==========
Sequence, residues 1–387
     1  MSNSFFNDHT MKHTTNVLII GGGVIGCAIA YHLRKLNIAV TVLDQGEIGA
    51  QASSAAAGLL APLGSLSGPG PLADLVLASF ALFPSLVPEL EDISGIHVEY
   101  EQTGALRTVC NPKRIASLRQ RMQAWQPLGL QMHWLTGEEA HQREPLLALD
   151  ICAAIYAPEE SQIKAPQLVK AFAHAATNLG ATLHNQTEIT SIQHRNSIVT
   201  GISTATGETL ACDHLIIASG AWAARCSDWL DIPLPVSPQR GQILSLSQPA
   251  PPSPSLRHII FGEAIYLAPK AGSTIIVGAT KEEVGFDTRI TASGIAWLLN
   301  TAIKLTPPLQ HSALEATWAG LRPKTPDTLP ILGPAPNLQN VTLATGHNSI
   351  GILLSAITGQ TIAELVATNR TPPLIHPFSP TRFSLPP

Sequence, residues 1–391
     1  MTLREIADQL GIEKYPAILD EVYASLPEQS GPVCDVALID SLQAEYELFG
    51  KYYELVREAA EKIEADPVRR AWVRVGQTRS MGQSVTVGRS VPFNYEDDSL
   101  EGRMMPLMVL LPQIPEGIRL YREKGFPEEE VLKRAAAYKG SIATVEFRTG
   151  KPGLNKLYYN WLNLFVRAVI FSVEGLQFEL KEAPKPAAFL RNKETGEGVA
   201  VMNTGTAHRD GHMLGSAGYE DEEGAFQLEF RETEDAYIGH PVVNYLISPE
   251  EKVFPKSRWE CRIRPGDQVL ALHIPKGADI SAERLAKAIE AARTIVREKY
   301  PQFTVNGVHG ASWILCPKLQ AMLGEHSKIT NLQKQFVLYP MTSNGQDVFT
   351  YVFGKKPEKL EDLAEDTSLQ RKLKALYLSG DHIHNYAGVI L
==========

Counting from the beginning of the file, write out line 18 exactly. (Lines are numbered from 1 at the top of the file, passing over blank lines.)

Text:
   351  YVFGKKPEKL EDLAEDTSLQ RKLKALYLSG DHIHNYAGVI L